It has been scientifically proven again and again that we absolutely need oceans for our survival. This makes it our duty to do whatever we can to help oceans function as they do. Diksha suggests adopting the following habits in your daily life to do your part as an individual.

Try to avoid buying plastic micro-packaged food items. Demand for plastic-free alternatives instead. When you do buy plastic, check for its recyclability and reuse as much as possible before you recycle.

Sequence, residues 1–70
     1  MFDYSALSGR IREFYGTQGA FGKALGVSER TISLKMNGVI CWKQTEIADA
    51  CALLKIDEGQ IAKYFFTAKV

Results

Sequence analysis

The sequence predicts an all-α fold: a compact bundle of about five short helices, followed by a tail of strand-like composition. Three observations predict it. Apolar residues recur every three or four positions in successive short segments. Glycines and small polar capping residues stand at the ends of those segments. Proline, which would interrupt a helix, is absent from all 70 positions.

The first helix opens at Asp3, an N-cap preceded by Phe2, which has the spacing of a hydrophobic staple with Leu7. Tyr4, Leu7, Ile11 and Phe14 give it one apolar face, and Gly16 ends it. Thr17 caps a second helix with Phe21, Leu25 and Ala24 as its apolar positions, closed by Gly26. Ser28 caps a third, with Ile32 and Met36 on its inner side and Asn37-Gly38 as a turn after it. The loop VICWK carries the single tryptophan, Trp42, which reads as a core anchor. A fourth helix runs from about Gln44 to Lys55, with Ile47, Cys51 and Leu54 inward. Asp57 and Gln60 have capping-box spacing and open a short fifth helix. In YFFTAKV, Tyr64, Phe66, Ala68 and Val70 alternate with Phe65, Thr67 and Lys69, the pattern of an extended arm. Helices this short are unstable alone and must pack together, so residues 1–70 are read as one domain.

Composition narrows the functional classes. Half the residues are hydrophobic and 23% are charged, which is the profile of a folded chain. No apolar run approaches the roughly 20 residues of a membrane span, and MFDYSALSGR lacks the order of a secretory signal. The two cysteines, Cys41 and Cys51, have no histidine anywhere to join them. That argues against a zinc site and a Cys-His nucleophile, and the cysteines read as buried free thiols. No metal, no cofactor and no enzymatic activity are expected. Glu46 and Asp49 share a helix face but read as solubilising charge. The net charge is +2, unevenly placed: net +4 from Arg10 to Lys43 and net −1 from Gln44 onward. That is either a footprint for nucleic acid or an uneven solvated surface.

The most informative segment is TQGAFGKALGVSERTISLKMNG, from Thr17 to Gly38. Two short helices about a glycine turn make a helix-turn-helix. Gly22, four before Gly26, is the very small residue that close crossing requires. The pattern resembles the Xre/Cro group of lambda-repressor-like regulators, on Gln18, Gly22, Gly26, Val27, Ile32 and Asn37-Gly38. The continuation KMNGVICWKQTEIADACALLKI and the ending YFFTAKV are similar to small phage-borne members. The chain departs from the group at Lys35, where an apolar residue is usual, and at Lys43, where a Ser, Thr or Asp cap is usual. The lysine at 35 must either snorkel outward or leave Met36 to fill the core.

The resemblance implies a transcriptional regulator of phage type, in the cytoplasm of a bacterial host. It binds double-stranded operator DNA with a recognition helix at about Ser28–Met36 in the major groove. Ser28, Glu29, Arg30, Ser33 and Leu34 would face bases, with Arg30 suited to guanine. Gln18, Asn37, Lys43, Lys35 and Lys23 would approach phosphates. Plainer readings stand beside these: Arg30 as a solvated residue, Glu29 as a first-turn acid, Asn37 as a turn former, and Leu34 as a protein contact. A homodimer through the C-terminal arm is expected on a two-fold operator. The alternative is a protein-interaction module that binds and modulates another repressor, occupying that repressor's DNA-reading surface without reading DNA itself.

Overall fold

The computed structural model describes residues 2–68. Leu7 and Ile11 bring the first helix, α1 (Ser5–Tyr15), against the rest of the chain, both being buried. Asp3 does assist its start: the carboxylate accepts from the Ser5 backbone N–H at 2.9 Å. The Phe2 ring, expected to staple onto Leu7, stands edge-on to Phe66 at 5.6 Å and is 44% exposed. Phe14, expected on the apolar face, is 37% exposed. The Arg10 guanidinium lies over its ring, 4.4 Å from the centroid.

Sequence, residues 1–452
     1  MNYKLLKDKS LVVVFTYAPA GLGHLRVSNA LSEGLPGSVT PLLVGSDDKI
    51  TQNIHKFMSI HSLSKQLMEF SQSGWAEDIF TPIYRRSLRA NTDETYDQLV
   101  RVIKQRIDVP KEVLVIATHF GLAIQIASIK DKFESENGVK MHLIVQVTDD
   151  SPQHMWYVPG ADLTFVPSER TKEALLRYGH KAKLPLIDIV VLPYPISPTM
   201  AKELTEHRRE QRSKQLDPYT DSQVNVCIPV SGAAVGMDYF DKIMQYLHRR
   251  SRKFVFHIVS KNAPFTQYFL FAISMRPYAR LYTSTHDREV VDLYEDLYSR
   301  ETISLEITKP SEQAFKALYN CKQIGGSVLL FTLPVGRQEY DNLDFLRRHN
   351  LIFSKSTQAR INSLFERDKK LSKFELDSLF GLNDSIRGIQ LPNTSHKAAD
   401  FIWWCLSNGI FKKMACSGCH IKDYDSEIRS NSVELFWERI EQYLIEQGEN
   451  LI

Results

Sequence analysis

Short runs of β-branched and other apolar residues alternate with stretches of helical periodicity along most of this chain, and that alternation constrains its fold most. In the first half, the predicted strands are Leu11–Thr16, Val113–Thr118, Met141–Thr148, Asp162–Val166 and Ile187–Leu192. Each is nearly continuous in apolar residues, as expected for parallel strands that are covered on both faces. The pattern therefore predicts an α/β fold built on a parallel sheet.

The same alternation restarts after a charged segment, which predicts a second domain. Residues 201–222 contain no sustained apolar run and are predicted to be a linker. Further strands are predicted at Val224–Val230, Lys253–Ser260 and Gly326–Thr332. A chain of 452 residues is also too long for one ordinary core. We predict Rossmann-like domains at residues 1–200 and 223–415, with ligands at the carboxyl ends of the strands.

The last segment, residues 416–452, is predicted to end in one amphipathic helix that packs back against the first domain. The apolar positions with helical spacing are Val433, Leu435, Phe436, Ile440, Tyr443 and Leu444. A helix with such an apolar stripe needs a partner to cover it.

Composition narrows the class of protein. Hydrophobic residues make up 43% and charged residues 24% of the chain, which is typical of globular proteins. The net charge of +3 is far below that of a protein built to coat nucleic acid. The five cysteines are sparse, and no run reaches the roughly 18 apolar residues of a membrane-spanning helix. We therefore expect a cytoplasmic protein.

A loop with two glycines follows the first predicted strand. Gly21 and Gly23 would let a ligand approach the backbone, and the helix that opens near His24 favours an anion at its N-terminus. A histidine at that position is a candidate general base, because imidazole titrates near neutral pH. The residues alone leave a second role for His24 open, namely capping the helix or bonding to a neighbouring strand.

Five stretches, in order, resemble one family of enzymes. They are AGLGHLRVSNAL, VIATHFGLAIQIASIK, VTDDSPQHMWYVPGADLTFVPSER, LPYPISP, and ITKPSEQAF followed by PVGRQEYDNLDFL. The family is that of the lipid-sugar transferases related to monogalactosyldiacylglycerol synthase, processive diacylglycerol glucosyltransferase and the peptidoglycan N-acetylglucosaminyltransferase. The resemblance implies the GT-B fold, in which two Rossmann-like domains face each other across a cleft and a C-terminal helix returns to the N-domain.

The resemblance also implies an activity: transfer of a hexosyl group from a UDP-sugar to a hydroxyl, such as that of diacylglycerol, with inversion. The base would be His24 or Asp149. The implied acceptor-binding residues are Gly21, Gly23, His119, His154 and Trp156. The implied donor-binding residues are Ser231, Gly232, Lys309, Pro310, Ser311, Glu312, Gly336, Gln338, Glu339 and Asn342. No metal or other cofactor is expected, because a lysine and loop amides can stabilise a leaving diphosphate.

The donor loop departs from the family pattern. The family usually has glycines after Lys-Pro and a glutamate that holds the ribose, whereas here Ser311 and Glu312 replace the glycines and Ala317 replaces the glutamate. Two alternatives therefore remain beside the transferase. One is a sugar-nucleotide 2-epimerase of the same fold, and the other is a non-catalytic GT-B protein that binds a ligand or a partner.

Eat seafood that is in season and eat fish that is caught by local fishermen by traditional methods. These methods ensure that all the fish in a particular pool are not fished out and the population sustains for further generations. There are multiple online media platforms which will tell you which fish is in season.

Get out and explore. Go to a beach or a rocky shore and see what animals you find. Go for snorkelling and diving to fall in love with the oceans all over again. Choose operators who follow sustainable practices and endorse marine conservation. Volunteer with researchers and conservation groups to be updated and spread the word of awareness all around yourself.